Friday, November 26, 2021

Civil Disobedience

This is not something
the Founding Fathers would have worn.
Therefore whoever resists the authority resists the ordinance of God, and those who resist will bring judgment on themselves. (Romans 13:2)

It isn't wrong for Christians to engage in civil disobedience. That isn't what Paul is saying to the Romans.

If we aren't we should be doing so. We should be worshipping in defiance of gathering restrictions and masking mandates because these things are paving the way for further violations of our religious liberties.

We should obey God rather than men. 

At the beginning of the pandemic, it made sense to follow the government's recommendations. No one knew what we were actually dealing with and there wasn't any data to go by. After the BLM riots in June 2020, however, circumstances changed. When government officials encouraged the riots because systemic racism in American society was a bigger concern than COVID-19, the proverbial cat was let out of the bag. All of a sudden the governing authorities were not worried about mass gatherings of people without masks and social distancing. They weren't worried about super-spreader events.

That's because the pandemic restrictions were much more about controlling our thoughts, words, and deeds than they were about public health.

Before you point to Romans 13 and Paul's words about submitting to the governing authorities, remember that the Roman Empire in which Paul found himself and the United States of America aren't the same, regardless of what the Marxist history professors say. At the very least, they shouldn't be held up as a 1:1 comparison.

Our government isn't like the government of the Roman Empire. In our system, the people are the governing authorities. It's even written down in the Constitution. Our elected officials are supposed to protect the civil liberties which God has given mankind. When they fail to do this, the people have the right under the Constitution to alter or abolish that government. Usually, we do this by holding elections. Sometimes other actions are necessary.

The issue is that American Christians are looking for a type of persecution that is unlikely to come, and we're ignoring the creeping persecution which actually threatens us. We are waiting for jack-booted thugs to come to our doors and order us to turn over our Bibles at the point of a gun.

But the kind of persecution we are dealing with isn't harsh and violent yet. It's soft and bureaucratic.

Our governing authorities won't directly say "stop worshipping", not yet. Instead, they will progressively change conditions in society by passing laws that paint Christian beliefs and morality as fringe and racist. They will use the media to propagandize the masses into right-think, as they have done so successfully over the past decades until it becomes impossible to worship openly.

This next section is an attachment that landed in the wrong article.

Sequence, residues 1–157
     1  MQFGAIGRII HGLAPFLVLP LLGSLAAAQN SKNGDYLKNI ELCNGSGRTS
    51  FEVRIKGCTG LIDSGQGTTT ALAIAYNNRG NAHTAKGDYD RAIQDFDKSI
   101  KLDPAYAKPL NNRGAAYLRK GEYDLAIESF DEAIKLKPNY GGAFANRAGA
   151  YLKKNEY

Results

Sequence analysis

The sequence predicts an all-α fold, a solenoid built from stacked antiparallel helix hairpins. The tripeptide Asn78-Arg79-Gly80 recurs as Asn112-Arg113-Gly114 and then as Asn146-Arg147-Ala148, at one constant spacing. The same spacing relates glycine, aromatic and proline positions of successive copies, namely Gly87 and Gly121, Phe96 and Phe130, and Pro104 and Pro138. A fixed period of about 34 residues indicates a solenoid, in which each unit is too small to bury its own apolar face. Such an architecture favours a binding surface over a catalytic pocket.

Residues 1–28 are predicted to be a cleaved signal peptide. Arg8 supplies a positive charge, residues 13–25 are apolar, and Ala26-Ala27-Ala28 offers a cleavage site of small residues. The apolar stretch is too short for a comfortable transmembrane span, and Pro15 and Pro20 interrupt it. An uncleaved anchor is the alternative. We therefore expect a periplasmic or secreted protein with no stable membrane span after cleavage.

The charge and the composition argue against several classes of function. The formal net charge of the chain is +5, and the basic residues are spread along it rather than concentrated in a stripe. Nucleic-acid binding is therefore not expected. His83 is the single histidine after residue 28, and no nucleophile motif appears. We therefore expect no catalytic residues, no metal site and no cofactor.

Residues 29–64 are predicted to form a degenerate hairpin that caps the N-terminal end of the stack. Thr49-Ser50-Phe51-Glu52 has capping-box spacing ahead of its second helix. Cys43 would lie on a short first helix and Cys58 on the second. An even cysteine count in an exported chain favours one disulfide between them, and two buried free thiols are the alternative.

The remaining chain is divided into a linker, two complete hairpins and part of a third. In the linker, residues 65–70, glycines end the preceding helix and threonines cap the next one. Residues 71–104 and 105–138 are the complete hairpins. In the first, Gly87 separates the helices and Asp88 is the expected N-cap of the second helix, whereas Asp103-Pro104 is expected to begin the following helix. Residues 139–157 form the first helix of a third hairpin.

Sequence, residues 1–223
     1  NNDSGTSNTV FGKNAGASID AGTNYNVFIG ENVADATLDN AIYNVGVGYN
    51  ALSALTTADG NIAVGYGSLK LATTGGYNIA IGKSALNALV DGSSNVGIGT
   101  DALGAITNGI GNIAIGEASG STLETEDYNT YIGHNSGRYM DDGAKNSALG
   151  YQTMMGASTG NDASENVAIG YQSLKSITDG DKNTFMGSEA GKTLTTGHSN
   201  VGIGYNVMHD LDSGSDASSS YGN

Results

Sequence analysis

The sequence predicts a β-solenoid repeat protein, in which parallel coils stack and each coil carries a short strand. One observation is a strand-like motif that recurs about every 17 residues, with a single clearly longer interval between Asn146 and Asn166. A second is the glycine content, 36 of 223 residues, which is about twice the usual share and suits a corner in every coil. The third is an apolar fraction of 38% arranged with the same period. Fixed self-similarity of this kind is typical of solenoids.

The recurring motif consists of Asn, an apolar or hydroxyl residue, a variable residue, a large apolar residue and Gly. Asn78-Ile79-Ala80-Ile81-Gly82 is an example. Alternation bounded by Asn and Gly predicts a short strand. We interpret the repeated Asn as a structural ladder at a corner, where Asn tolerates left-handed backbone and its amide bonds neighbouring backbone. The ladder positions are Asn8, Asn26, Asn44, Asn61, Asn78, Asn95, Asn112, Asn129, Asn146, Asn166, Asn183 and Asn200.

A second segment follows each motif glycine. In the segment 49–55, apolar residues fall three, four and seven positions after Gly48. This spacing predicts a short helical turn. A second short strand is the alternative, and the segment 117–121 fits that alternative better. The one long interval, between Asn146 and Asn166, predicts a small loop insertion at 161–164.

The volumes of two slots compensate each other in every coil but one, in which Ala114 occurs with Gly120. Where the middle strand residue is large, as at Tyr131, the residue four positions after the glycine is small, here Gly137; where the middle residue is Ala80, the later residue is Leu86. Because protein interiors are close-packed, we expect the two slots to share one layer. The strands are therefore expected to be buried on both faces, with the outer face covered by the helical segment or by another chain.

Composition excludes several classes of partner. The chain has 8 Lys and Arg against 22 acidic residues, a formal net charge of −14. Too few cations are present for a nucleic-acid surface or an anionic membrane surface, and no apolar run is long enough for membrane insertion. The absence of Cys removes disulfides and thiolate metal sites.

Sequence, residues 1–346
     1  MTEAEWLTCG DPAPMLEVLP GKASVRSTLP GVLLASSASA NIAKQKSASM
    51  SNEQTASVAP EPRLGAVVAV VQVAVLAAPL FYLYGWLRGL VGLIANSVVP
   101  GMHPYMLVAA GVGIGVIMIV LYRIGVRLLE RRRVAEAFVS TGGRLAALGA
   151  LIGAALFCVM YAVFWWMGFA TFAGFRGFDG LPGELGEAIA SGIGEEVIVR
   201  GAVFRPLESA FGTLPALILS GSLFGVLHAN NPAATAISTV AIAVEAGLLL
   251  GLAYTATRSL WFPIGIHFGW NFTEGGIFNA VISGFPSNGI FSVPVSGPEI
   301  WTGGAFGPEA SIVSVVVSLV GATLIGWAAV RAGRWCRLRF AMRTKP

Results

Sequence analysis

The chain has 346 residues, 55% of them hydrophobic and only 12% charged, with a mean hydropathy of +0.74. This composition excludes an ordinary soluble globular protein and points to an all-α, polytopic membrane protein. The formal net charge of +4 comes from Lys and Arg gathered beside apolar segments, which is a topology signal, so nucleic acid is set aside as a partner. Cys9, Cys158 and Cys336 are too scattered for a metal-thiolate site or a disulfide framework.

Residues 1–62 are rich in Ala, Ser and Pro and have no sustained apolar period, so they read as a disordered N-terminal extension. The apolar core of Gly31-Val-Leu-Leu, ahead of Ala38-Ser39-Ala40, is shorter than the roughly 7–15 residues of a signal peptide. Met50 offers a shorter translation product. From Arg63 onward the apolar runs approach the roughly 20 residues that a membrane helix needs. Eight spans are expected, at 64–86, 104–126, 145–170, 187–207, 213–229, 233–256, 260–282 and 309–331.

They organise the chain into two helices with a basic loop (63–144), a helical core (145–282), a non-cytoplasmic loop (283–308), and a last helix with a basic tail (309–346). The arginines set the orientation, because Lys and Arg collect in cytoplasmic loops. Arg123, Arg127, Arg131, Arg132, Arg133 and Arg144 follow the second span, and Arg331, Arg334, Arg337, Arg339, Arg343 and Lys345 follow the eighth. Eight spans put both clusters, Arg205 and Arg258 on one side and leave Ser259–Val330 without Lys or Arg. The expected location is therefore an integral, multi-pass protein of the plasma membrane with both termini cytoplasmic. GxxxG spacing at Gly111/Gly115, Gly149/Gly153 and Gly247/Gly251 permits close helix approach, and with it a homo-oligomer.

Mask mandates are a part of this process.

And, if we keep allowing this type of soft tyranny, it won't be long before the hard tyranny is knocking on our doors, figuratively and literally.

And before I'm reminded for the 56th time today, I know George Washington mandated smallpox vaccinations in the Continental Army. This is not the same situation as that was. 

Mask mandates should be defied because they don't stop transmission of COVID-19, and no thinking person actually thinks that they are protected while wearing a mask. What they actually do is create divisions between people. They make people suspicious of each other, and keep them separated. They make Christians hesitate when it is time to gather around word and sacrament. It is more than an inconvenience. They stifle worship.

Also, this disease is not smallpox.

Another part of Romans 13 that we also shouldn't forget about, however, is the part about the governing authorities bearing the sword for a purpose. If we engage in civil disobedience we need to be prepared to accept the consequences of our actions. The legitimate governing authorities may legally punish us for breaking the law. And, if they do, we must submit to that punishment including, segregation, ridicule, persecution, arrest, prosecution, imprisonment, and if it comes to it, death.

I'm not saying that we should volunteer to be thrown to the lions in the coliseum over compelled mask-wearing. Pushing back against an unjust mask mandate is relatively easy, though. If these circumstances are allowed to stand without opposition, things will only get worse. The next infringement will be more difficult to stand against.

If we aren't willing to push back now, we are less likely to do it when the stakes are higher. ###

Friday, November 19, 2021

Jesus Drives Out an Evil Spirit

The people were all so amazed that they asked each other, “What is this? A new teaching - and with authority! He even gives orders to evil spirits and they obey him.” (Mark 1:27)

Mark records what happened when Jesus taught in the synagogue in Capernaum. There is a lot packed into this brief account. Jesus stuns the people by teaching with divine authority. He heals a demon-possessed man. We might not immediately understand how these events relate to us today, but they serve the same function for us as they did for the people gathered with Jesus in person.

The events of Mark 1:21-28 happened right after Jesus was rejected at Nazareth, His hometown. That’s when He told the people gathered in that synagogue He was the fulfillment of the prophets, specifically a prophecy of Isaiah, and the people tried to kill Him for claiming to be divine. Mark didn’t record what Jesus taught in this instance, just what happened. It is, however, a pretty good bet it was the same message He proclaimed in Nazareth: The kingdom of God is at hand! Repent, and believe the Gospel.